Tuesday, August 19, 2008

The peninsula effect may yet be seen as a red herring, but more light is needed

The peninsula effect is a classic biogeographical concept which predicts that the number of species declines from a peninsula’s base to its tip. Two of three hypothesized causal mechanisms, the effects of geological history or habitat on species richness, can be controlled for by study design and/or statistical analysis. The third proposed mechanism (reduced colonization towards the peninsular tip) is attributed to peninsular geometry, and is less easily controlled. Dave Jenkins and Deb Rinne of the University of Central Florida asked two questions: (1) what is revealed by the 4-decade history of research on this concept; and (2) do microcrustaceans in Florida's isolated wetlands reveal a peninsula effect if the effects of history and habitat are controlled for?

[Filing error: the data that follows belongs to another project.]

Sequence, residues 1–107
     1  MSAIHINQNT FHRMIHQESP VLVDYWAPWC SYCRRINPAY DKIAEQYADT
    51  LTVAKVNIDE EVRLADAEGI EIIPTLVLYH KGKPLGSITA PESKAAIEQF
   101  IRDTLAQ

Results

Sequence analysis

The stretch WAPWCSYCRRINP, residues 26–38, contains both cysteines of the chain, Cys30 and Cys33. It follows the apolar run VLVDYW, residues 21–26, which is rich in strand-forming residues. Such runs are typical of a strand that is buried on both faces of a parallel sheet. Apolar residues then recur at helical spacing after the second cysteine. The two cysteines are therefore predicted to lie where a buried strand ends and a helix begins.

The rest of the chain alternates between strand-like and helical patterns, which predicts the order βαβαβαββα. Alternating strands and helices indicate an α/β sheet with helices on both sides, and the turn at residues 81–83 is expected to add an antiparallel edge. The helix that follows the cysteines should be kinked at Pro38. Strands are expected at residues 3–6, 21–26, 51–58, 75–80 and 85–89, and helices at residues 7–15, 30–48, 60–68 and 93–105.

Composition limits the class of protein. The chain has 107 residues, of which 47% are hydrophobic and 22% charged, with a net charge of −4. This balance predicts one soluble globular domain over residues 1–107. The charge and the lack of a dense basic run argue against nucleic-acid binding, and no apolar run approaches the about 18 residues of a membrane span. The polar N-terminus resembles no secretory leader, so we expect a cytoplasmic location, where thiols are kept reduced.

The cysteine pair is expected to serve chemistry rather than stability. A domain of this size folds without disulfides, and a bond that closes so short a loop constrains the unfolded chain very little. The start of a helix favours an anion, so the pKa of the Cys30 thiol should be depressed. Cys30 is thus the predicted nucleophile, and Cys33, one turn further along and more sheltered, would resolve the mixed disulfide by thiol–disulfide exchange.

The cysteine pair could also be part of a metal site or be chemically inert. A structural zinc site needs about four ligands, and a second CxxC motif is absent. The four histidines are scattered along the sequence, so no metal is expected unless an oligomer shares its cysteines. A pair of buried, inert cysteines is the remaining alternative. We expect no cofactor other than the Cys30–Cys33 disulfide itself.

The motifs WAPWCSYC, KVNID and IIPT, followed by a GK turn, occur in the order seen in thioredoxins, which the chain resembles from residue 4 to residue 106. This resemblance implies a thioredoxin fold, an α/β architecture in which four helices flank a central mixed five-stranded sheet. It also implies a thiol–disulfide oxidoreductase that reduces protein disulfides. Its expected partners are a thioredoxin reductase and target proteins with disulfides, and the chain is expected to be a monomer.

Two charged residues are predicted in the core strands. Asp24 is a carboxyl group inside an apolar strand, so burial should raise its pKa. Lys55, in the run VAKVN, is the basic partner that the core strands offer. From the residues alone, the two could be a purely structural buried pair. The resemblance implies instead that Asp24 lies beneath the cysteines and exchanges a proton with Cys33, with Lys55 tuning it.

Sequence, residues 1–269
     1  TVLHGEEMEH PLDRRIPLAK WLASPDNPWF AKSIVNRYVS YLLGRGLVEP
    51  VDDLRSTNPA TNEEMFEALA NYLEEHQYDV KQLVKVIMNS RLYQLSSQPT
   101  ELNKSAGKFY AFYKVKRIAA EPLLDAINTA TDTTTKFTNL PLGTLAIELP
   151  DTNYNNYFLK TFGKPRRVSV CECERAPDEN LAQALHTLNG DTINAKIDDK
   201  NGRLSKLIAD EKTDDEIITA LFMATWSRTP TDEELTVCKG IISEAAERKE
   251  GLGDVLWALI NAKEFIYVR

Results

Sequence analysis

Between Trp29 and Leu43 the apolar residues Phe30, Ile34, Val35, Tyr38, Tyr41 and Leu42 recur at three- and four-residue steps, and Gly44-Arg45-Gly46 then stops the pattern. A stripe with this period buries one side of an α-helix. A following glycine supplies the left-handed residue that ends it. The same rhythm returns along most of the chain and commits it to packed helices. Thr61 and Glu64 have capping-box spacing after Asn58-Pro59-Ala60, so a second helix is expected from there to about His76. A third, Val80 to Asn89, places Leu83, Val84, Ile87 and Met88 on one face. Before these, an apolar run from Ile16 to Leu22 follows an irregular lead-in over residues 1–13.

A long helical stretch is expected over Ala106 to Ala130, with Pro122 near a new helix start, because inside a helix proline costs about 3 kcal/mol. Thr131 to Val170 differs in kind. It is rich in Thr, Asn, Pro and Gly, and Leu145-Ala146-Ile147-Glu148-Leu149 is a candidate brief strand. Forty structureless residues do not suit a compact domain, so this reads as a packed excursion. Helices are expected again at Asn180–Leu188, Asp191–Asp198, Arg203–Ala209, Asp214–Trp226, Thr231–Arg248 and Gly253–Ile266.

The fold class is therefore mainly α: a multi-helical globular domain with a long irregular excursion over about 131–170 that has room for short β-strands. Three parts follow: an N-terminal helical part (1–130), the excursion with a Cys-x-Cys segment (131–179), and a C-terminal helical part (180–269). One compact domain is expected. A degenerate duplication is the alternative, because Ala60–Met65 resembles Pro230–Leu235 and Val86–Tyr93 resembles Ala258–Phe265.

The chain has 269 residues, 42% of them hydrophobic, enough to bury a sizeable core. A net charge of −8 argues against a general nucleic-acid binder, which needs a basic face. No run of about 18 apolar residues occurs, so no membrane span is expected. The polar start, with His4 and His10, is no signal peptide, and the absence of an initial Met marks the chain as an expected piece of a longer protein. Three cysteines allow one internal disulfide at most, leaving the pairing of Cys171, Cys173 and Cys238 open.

Their literature review revealed mixed (49%) support for a peninsula effect, and found that most studies (86%) were not designed to control for alternative hypotheses or to quantitatively compare evidence regarding alternative hypotheses. Also, studies were strongly skewed to vertebrate animals (62% of studies); relatively little is known for other taxa. After controlling for history effects by study design, their own study of microcrustaceans in Florida wetlands revealed that habitat effects dominated (82.5%) the pattern, and virtually no effect of peninsular geometry existed. This result is consistent with effective dispersal of microcrustaceans through geological time.
This study is important because it shows that much illumination is still needed on the long-standing concept of a peninsula effect, and demonstrates that careful study design and statistical analyses can shed needed light. Peninsula effect studies should: broaden in taxonomic focus; control for alternative causative hypotheses (geometry, habitat, or history) in the study design; and quantitatively compare the effects of hypothesized mechanisms on peninsular diversity patterns.

Source paper: Jenkins, D.G. & Rinne, D. (2008) Red herring or low illumination? The peninsula effect revisited. Journal of Biogeography, doi: 10.1111/j.1365-2699-2008-01943.x.

Source of article: Journal of Biogeography highlighted papers

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